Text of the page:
PrincipalDan: “DeSoto should have been the maker to put out an El Dorado model. Or perhaps a Coronado.”
They did, in 1955, the spring selling version of the Fireflite, the Coronado model, which was a four-door sedan with a tri-tone paint scheme, turquoise body, white “fang” or sweepspear area, and a black top. Pretty snazzy color combo. I actually saw one of these in my neighborhood about five or six years ago when I lived in San Diego. There’s a picture of it in James Flammang’s “Cars of the Fabulous Fifties.”
Here’s the 1955 DeSoto Fireflite Coronado from the Flammang book. The Coronado designation is just below the Fireflite script on the lower front quarter panel
Now that I’m steeped in Southwest Culture I could have helped ChryCo come up with a whole raft of conquistadore themed models…
Desoto Cabeza de Vaca
Desoto Fray Marcos (perfect for a delusional man of the cloth)
Desoto de Leon (mid life crisis sports car)
I could go on…
The DeSoto equivalent of the ’55 Chrysler New Yorker St. Regis.
Wow, thanks, Don. I have that book but it’s not been off the shelf in a long time. There it is on page 222 along with the Papermate pens in matching colors. How well I remember those cool pens. Wish I still had one. I simply loved the ’55 DeSoto – my favorite great aunt and uncle bought a two-door Firedome hardtop new that year, in baby blue and cream. Gorgeous car and they kept it for ten years, trading it in ’65 for a new turquoise Chrysler Newport four-door hardtop, DeSoto no longer being an option (all of their previous cars since marriage had been DeSotos).
One of the neighbors owns one of these…a 2-door sedan, in red. And to his credit, he actually drives the thing around town on a regular basis. Love it.
This is weird, I’m almost sure I know where that car is: Muscatine, IA. I very well could have passed it when I was driving to a car show in Nauvoo a couple years ago.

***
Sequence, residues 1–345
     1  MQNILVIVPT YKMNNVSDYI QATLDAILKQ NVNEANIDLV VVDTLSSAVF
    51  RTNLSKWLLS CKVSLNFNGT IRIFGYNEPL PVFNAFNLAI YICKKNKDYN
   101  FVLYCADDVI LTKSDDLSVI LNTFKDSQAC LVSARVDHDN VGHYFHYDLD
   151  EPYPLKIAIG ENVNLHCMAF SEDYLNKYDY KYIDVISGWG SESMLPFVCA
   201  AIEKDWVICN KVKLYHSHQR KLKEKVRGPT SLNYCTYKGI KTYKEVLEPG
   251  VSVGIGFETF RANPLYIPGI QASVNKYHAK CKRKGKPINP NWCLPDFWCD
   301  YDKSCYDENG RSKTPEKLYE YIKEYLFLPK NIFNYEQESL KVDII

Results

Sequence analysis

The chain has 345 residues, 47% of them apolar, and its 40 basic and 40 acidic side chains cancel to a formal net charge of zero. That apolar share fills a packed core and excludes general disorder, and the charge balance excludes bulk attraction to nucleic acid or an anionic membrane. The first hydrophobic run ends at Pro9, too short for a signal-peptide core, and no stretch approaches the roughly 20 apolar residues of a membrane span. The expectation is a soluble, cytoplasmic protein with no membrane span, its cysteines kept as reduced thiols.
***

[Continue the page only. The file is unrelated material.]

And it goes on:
Yeah, could be – the Iowa plate is from Muscatine’s county.
It is (was) in Muscatine, on the south end of town on highway 61.
The pictures are a couple of years old. I normally stick around the west side of Iowa, but I dated a girl that grew up in Muscatine. I spent a lot of weekends there.
That grill looks so much like a late ’40s-50’s Buick’s. I wonder of that was done intentionally, since Buick was to Cadillac what Desoto was to Chrysler.
Correction: Buick was to Cadillac as Desoto was to Imperial.
My grandmother, great-aunt and great-grandparents took a roadtrip from Alabama to my great grandfather’s sister’s home in San Diego, CA in 1953, in their 1953 DeSoto.
The stylized lettering on the hood and trunk is just superb. Along with the dash design, the car has a very modern vibe for its time.
From a 21st century standpoint, it may seem “modern” . . . the dashboard, certainly. The rest of the car still had elements of it’s MY1949 “three box” styling that Virgil Exner & Co. “softened” up by drawing down hoodlines, rooflines and adding more curvatures and less angluar boxy lines . . . not unattractive by any means . . . but looked a little stuffy and staid compared to FoMoCo offerings and (1954) GM designs . . . The Mopar $100,000,000.00 for ’55 would correct that.